Ms. Editor in Chief resigns; magazine in trouble?


According to the New York Observer, tensions between Ms. Editor in Chief Elaine Lafferty and the magazine’s owner and publisher, the Feminist Majority Foundation, led to Lafferty’s recent resignation. Hmm…
Lafferty announces her resignation in the latest issue of Ms., due to hit newsstands this week, saying “in the last two years, I believe Ms. has been lively, provocative, thoughtful, and a fierce feminist example of advocacy journalism at its best…I wish the magazine’s owners all the best as they move forward with the kind of publication they envision.”
President of Feminist Majority Eleanor Smeal said of the resignation, “She resigned and that’s where it is. Change is constant and we know that, and we thought it had to happen at this stage, and we’re now onto another stage.” Sounds like she’s real broken up.
Apparently the main dispute was over control over content and the overall vision of the magazine. Lafferty said that the Feminist Majority Foundation “did not suggest any particular demographic or vision, other than very political and very narrow in their definition of a feminist… My vision of Ms. was that it would be a thinking woman’s magazine—a feminist magazine for sure, but my vision of feminism is a big…As the original Ms. was; they didn’t check membership cards at the door. I don’t believe in dogma, in exclusion or rhetoric. I thought it could be a magazine that invites women into the conversation about how we live today.” Wow…
Infighting and politics is certainly nothing new over at Ms.; they’ve gone through numerous owners, publishers and editors. But this recent debacle brings up an important question: can an activist organization with a specific political strategy successfully manage a magazine? Now, clearly Ms. is a feminist publication with a strategy of its own, but does that mean that it should compromise editorial control for (perhaps) more limited organizational goals? Any thoughts?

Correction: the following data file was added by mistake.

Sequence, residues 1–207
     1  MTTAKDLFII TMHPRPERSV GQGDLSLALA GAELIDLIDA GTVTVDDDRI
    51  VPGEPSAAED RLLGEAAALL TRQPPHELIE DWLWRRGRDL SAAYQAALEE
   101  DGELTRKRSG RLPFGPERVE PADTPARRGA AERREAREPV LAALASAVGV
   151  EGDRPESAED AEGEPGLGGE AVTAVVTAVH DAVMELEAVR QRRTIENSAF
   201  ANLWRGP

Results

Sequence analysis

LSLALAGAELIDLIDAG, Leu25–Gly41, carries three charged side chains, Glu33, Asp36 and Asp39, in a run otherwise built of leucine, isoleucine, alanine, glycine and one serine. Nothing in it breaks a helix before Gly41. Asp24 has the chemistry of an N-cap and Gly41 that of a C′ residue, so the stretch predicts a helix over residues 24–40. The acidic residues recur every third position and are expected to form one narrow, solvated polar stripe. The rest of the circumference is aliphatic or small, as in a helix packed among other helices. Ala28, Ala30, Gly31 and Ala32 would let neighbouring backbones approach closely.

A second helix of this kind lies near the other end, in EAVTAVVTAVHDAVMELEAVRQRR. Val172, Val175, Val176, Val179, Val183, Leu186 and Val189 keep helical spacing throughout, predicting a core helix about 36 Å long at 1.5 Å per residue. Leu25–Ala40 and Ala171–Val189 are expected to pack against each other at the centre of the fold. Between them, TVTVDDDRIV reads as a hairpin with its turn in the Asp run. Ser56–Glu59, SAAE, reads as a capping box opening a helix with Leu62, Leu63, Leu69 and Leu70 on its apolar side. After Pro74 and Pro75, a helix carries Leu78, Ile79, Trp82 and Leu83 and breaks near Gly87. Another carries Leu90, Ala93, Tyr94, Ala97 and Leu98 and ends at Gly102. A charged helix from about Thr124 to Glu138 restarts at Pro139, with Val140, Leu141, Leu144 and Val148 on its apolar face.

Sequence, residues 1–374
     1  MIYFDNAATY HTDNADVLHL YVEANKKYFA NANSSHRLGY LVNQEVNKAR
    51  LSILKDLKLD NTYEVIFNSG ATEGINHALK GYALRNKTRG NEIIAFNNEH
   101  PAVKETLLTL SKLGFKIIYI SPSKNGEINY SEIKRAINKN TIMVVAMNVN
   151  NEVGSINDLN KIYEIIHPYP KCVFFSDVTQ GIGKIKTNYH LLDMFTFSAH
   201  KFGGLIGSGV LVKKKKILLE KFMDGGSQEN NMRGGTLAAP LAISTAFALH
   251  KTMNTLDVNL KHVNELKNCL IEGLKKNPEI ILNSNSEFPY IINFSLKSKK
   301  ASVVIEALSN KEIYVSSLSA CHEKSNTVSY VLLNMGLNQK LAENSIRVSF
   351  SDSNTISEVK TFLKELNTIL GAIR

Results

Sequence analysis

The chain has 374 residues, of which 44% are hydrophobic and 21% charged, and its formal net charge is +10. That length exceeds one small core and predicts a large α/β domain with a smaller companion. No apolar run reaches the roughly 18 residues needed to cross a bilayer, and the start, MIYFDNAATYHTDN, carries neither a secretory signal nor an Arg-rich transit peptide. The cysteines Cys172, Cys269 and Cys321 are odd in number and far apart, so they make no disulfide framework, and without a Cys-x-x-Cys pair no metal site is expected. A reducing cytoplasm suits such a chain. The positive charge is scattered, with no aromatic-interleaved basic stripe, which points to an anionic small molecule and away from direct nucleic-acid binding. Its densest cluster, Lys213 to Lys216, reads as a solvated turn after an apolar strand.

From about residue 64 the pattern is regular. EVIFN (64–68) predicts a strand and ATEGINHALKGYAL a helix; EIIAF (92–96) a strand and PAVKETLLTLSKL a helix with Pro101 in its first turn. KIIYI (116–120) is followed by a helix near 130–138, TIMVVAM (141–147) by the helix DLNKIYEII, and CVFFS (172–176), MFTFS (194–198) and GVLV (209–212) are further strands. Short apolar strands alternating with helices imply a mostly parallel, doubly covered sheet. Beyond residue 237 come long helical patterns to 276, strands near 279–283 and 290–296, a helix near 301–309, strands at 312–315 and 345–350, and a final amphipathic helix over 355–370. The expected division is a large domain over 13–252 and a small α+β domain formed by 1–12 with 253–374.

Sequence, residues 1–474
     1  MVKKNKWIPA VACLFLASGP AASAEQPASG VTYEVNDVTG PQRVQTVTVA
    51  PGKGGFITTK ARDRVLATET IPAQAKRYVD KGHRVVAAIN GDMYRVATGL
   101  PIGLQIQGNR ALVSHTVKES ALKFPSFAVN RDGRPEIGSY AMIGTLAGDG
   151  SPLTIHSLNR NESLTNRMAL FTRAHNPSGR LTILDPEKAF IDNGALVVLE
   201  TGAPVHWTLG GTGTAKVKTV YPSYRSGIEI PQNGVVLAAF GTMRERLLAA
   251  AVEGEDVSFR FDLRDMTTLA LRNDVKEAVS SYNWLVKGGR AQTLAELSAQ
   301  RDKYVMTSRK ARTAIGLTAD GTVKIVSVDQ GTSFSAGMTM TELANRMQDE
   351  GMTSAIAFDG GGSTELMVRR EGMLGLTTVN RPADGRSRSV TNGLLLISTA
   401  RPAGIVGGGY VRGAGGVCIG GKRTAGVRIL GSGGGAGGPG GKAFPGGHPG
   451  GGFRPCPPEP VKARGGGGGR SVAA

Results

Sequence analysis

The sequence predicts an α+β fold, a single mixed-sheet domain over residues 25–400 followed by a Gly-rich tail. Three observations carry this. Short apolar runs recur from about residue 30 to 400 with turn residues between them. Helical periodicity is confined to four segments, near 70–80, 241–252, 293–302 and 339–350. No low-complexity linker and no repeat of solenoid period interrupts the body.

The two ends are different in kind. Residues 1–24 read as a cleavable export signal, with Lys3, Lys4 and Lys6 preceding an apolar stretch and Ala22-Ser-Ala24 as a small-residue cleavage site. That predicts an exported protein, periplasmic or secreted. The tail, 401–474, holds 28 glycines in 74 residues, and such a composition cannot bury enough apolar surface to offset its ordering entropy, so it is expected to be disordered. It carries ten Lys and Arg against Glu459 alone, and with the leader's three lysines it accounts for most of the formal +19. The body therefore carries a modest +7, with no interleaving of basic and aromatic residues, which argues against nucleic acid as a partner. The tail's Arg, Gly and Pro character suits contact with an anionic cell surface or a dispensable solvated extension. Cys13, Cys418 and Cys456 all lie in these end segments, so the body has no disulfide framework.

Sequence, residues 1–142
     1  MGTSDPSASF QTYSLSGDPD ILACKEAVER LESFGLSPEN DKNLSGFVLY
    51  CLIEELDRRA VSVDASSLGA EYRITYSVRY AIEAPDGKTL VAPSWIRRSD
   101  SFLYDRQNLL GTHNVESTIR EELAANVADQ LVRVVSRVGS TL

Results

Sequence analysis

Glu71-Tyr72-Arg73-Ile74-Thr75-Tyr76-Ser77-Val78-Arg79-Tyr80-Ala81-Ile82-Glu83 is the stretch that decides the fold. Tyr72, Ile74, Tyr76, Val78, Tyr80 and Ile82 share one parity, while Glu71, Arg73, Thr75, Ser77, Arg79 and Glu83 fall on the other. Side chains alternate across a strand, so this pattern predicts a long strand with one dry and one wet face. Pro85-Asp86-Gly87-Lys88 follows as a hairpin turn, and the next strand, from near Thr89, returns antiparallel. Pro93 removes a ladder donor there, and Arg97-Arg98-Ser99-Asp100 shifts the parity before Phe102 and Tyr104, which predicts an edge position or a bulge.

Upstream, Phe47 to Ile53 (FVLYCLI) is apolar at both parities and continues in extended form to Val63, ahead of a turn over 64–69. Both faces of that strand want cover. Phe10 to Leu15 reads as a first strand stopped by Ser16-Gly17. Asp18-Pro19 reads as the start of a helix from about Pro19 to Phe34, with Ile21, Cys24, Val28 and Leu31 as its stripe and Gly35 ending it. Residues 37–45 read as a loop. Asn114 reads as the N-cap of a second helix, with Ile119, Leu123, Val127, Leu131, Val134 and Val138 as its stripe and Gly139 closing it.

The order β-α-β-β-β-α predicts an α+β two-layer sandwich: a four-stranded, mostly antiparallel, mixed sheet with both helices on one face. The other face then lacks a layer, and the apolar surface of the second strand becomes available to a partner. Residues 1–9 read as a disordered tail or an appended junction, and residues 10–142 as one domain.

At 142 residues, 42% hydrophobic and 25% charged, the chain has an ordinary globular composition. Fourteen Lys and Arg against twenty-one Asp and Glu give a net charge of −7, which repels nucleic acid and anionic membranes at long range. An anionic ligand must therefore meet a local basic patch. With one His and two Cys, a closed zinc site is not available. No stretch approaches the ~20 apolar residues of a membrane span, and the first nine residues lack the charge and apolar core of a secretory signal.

Definitely check out the whole piece, it gives an interesting inside look at this recent controversy, as well as some background on the mag that you may not have heard before.

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2 Comments

  1. Thomas
    Posted March 30, 2005 at 2:45 pm | Permalink

    A true “house organ” publication usually languishes in irrelevance, read only by the faithful. Getting mindshare in the public square requires something of a broader appeal.

  2. Posted March 30, 2005 at 4:52 pm | Permalink

    Having met Ellie quite a few times, I’d have to say that she’s a brash woman. So her distance in the piece is pure Ellie. Much like my potty mouth is pure Roni. That said, when FMF bought Ms. I was happy & concerned. Concerned that Ms. would turn into just a FMF newsletter, spouting it’s views and focusing on just it’s topics. IIRC, in the first few issues, there was a lot of focus on Afghan women – ok for a reason – but it was too close to the FMF line. Now we read that Elaine’s view of feminism clashed with Ellie’s – FMF’s – view of feminism.
    Besides buying the magazine ourselves, what should we be doing to ensure that Ms. is reflective of a larger view of feminsim? If that’s what we each want. It’s what I want.
    I don’t want to pick sides in this, especially without all the facts. But perhaps a few supportive letters to the editor are in order.

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